Creating something brand new is hard. No matter if it’s a painting, a system architecture, or a conference talk, the creative effort of conjuring up something from nothing is difficult. Take me for example, staring at a text editor, trying to figure out what to type next and think up a clever title.
Writers know this as the Blank Page, painters as the Blank Canvas Problem. Regardless of the name, we’ve all encountered the phenomenon at some point. It’s that anxiety that comes from having an infinite number of choices for the next step.
A colleague of mine is kicking off a new software project with a new team. We got to talking about what the team needs to do in this situation and I had to sit down and really think about it for a few minutes. I’ve been doing this for a while now and I’m used to just doing it, not articulating the why of it, thus this blog post.
Just as a baby’s first years have a huge impact on their development, a team’s first steps have a huge impact on its long-term growth. It’s the most critical time for a nascent team. I’m not just talking about a Project Kickoff meeting, I’m talking about the first few weeks of a team.
A new team has two immediate goals - there’s a feedback loop between the two so it can be hard to separate them:
Getting work to flow is Agile in the purest sense. Get work flowing through the process, check it with the customer, figure out what needs to change, and then change it.
Why is building a team out of individuals equally important? Delivering working software is all that matters, right?
Fully half of the Agile Manifesto’s Principles are about people, because that’s how we get long-term success. To really “figure out what needs to change” and “then change it” requires more than just a collection of individuals, it requires a team. That doesn’t happen by accident.
The researchers found that what really mattered was less about who is on the team, and more about how the team worked together.
Just like Scrum is a process for implementing the Principles of Agile, this is the Process for the above Principles (the what, not how).
First, when getting work to flow, do the simplest thing that could possibly work. Rinse and repeat. It’s not easy, but it is straightforward. The most important thing is to break the “Blank Canvas” effect, deliver something, and show progress.
In Dual Track Development and a project starting up, your demos might be a prototype, and not working code. That’s ok. The point is to show progress.
Second, make it safe for teammates to talk to each other. Psychological safety, trust, vulnerability, and shared vocabulary are the keywords here. As a team lead with a team of excellent engineers, I consider that my primary job responsibility. If I can help the team be safe, they’ll self-organize and do things better than I could have imagined. If someone is feeling that “paradox of choice” anxiety, my job is to give them confidence that things will get better in time.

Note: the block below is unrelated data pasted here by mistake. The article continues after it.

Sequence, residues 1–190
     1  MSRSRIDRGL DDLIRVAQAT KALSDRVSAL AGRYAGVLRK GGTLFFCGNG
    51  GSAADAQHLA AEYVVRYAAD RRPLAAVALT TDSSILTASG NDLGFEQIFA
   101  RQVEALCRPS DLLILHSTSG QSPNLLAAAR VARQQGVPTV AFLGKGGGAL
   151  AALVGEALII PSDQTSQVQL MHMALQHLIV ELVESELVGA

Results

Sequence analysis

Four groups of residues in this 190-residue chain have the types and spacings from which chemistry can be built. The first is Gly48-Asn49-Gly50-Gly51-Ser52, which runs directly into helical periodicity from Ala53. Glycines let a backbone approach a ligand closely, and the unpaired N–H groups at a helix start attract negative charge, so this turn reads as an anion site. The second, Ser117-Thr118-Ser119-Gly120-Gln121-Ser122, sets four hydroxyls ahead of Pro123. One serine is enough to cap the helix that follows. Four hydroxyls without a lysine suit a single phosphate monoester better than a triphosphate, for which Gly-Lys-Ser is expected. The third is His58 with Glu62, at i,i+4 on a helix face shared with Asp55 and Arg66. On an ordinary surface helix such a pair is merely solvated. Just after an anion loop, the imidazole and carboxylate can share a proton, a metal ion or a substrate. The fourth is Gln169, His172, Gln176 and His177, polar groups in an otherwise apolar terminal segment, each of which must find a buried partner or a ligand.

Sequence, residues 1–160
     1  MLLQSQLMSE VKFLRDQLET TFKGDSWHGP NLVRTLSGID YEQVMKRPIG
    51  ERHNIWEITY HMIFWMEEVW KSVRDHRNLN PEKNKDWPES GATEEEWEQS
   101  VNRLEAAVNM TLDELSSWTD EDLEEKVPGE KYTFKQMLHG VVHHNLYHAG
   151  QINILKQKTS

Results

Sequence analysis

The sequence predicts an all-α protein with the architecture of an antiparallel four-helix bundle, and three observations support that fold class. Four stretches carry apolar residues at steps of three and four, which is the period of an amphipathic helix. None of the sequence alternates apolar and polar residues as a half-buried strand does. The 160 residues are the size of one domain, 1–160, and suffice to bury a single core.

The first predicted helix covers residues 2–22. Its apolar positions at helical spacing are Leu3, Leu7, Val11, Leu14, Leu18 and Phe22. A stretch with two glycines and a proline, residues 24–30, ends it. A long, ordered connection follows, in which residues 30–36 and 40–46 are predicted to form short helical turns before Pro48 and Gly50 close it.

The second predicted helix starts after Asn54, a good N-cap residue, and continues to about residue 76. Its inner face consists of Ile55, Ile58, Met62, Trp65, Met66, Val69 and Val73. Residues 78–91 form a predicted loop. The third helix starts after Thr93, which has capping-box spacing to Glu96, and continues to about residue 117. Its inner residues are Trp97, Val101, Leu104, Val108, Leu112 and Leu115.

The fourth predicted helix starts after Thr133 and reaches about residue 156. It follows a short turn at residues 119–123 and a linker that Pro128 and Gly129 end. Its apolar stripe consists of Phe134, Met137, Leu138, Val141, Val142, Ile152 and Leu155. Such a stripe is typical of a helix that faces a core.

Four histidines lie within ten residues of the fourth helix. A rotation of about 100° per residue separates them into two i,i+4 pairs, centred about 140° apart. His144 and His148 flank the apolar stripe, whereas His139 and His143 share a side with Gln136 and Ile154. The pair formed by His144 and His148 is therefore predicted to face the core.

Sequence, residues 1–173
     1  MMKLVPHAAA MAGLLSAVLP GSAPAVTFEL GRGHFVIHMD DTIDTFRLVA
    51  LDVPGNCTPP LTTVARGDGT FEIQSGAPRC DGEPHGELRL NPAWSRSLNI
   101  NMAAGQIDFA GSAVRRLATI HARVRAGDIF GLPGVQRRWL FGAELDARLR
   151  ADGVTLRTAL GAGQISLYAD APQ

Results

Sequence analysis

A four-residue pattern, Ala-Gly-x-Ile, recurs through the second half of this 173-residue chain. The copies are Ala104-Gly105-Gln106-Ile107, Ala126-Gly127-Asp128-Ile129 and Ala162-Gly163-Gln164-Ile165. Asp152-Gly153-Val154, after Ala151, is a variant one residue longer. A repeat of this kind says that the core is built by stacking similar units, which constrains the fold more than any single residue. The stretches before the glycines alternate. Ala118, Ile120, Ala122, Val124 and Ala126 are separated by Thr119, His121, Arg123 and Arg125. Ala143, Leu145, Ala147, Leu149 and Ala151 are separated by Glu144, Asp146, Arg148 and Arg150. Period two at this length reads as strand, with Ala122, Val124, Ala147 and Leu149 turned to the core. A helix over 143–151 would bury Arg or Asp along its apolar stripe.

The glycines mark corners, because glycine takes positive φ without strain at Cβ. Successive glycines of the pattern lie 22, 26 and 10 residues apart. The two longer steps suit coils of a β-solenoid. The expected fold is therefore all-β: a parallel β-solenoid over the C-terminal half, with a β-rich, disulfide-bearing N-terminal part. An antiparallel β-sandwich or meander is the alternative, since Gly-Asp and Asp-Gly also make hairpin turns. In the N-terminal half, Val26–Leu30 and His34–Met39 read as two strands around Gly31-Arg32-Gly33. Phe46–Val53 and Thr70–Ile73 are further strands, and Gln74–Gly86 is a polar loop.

Third, create an intelligence system - one in which accurate, real-time information is distributed broadly and quickly, and presented in detail. The key point is that team members can see and react to patterns and decide what to do. If you’ve read the book Nine Lies About Work (which I highly recommend) this should sound familiar.
Each practice I’m going to talk about has worked for me in the past. Not every one is right for every team, they are simply tools in my toolbox. If you don’t like unsolicited advice, feel free to skip to the end.
I’m a big fan of visualizing everything, so I start with a Kanban board. My default board has only three columns: “To-do”, “Doing”, and “Done”. Nothing fancy. If you’ve got a physical board, make it as impermanent as possible, since that makes it more likely people will change it.
What about code reviews? Pull requests? Squash or rebase or merge? Doesn’t matter yet. Avoid long drawn-out conversations - find a starting point and move on. Remember, everything can be changed. It’s all an experiment. We’re just finding a starting point to iterate on later. This is a good time to introduce the concept of disagree and commit. Just don’t let that be an excuse for someone to dominate decision-making.
The roles & responsibilities activity is multi-purpose. It can:
Pick a team name. I’ve never met anyone strongly against the practice (at worst is mild apathy). Some people really get into it. It’s a short activity which gets the team focused on the same task. It’s low risk since the name can always be changed later. And at the end, the team has a name around which it can establish a team identity.
Psychological safety means individuals feel confident they won’t be embarrassed or punished for admitting a mistake, asking a question, or offering a new idea.
Shared vocabulary is necessary to make sure what people are saying is what others are hearing.
Be deliberate about building communication norms. It’s likely that some of these people have never worked together before.
Shake up the team rituals
Here is my take on chapter 2 from Nine Lies About Work, how a team lead can create an intelligence system:
So, what’s your approach? What principles, processes, and practices have you found effective? Drop me a line and let’s chat.